Here we saw an evaporator in full action, sampled “sugar on snow” (reduced maple syrup over fresh snow, balanced with a sour dill pickle spear!), enjoyed maple syrup donuts, learned how to hand-drill a hole and tap a maple syrup tree, and otherwise reveled in the setting and scenery and newly acquired maple knowledge. Arnold and his business partner Bruce Bascom (another 7th generation tapper!) are on the forefront of sustainable, organic practices in maple tapping and production. This fantastic interview answers a great deal of questions about what constitutes “organic” when it comes to maple syrup, and why it matters.

We then stopped into Brattleboro to tour a small maple candy factory. As a long-time baker, and sometime confectioner, my mind was blown that such incredible sweetness can be born of just one ingredient. Nothing whatsoever is added to maple candy. It’s pure %100 maple and nothing else.

The group then popped into the imminently delightful Brattleboro Food Coop for lunchables, and made our way north, on an hour’s jaunt up to Alstead, New Hampshire. Here we met Bruce (whose steel-trap memory for dates, places, and names was truly remarkable) and toured their state-of-the-art production and storage facilities. Bottles destined for domestic and international clients were stacked high, while energy-reducing technologies were on witness in each area of the facility. We also stopped into the Bascom Family Farm sugaring equipment store. Everything from antique taps and storage vessels to evaporators, bottles, labels, cookbooks (we were each permitted to pick one-I’m pumped about my selection), candy molds, and so much more was on hand for the sugaring community.

After a brief sojourn to L.A. Burdick‘s flagship store (so, so good-I treated myself to their St. Patrick’s Day sampler, filled with whiskey-YES!), we made our way back to the Inn. Cocktail hour included delectables from some of New England’s finest food purveyors, alongside maple-riddled cocktails. Later, in the private dining room, we gathered together for a maple-inspired meal, including: green salad, Maple Walnut Bread & Savory Muffins, Grilled Salmon with Maple Sugar Dry Spice Rub & Cinnamon Maple Butter, and, for dessert, Maple Creme Brûlée with Walpole Creamery Vanilla Ice Cream in a Chocolate Cup with Chocolate Maple Sauce. I die, folks. I die.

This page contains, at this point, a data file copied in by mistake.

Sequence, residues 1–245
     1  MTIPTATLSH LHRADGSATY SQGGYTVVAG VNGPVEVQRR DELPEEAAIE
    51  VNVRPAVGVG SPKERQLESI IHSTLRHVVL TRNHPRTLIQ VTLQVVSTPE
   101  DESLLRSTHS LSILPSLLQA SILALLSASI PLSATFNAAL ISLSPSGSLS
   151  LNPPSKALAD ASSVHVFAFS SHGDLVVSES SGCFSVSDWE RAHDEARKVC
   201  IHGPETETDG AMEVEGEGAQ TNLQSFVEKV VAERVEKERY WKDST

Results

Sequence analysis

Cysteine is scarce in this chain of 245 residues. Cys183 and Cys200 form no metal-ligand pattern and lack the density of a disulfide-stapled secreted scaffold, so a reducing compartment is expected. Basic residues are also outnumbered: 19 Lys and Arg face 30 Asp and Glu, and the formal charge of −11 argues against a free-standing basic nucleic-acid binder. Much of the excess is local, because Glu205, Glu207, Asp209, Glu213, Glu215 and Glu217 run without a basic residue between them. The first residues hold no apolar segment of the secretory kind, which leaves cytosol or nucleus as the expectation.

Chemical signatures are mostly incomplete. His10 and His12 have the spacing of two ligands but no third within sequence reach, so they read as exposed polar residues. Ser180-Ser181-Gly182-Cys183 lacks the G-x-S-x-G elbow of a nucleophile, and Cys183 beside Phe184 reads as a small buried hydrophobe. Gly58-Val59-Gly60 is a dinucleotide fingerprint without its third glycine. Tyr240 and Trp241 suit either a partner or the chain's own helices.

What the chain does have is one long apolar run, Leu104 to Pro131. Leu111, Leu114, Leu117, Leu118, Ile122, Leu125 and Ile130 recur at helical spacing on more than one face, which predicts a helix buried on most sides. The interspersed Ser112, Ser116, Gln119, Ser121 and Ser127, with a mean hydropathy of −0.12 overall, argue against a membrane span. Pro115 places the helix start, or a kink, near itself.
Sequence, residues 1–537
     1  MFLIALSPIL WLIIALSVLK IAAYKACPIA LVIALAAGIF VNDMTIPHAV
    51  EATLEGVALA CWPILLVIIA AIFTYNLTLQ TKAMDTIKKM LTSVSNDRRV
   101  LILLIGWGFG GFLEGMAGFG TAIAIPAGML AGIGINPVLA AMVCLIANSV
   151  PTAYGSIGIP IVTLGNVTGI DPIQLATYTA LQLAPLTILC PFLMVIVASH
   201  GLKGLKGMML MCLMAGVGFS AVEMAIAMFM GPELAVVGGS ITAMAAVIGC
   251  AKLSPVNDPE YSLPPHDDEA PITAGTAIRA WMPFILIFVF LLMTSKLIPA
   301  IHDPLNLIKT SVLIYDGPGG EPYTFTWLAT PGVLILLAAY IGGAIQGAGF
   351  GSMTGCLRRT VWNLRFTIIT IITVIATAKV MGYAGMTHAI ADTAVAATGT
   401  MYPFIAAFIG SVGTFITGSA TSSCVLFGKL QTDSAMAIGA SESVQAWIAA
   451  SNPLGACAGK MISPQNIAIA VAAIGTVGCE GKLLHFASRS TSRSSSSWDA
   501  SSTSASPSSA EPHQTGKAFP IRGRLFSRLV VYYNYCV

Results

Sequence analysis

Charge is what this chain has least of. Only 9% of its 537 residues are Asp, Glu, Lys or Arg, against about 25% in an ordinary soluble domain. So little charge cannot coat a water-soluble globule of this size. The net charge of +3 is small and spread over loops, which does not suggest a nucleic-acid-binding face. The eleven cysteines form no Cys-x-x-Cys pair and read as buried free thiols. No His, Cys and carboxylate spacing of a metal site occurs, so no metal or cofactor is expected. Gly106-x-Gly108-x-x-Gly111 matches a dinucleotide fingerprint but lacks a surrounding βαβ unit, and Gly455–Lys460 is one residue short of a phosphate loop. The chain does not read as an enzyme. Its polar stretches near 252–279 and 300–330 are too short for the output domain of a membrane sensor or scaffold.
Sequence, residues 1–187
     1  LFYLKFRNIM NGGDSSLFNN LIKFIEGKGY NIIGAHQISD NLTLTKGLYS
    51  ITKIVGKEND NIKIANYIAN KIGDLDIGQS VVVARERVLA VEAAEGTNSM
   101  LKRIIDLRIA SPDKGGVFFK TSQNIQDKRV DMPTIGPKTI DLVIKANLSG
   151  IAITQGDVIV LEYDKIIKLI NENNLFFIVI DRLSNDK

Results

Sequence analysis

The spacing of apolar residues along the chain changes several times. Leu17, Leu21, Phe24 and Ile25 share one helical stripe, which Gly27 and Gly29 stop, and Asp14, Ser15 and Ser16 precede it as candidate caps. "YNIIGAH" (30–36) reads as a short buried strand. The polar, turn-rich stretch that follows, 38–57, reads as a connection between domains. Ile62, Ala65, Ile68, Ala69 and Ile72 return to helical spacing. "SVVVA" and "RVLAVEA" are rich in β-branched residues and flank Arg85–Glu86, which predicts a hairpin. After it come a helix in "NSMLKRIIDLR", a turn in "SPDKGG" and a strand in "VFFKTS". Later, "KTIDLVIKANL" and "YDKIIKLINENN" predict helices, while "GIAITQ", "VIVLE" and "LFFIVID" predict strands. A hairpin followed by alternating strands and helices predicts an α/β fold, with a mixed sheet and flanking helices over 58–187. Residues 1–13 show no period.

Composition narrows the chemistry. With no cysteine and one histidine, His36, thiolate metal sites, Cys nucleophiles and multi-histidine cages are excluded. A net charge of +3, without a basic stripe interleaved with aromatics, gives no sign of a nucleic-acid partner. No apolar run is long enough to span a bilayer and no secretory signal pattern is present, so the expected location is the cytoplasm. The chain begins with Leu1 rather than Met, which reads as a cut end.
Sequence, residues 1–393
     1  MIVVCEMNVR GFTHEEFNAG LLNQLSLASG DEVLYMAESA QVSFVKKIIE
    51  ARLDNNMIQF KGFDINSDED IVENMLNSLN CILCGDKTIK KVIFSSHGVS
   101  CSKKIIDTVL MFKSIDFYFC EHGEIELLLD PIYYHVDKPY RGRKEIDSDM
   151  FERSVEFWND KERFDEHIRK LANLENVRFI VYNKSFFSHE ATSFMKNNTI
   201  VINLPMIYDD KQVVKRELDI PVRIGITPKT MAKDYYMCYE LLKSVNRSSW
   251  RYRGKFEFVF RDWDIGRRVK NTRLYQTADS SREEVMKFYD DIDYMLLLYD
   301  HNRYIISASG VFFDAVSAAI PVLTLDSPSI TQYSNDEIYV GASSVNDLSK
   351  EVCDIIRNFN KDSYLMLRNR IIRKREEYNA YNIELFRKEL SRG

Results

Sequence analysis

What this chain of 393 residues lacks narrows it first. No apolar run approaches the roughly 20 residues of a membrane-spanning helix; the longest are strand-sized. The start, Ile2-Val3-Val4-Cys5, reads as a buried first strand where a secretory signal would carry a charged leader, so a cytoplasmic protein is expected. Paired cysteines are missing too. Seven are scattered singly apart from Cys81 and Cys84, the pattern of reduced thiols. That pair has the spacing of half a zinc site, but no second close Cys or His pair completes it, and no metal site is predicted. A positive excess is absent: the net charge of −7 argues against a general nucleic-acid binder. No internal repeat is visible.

My maple sugaring foray was remarkably informative. Did you know sugar shacks are called that (and not “syrup shacks”) because, up until the 1900′s, all sap was rendered into sugar? It wasn’t until preservation methods enabling syrup to be stored without going bad were developed that sap could be turned into syrup, too. I also learned that larger producers use plastic tubing and vacuums to (gently) extract sap from the trees. Romantic though the image of horse-drawn sleighs gliding along freshly fallen snow, gathering sap bucket-by-bucket may be, such collection methods are intensely laborious. Tubing allows the lion’s share of work for those in the sugaring business to happen later, once the sap is collected downhill, and rendered into sap.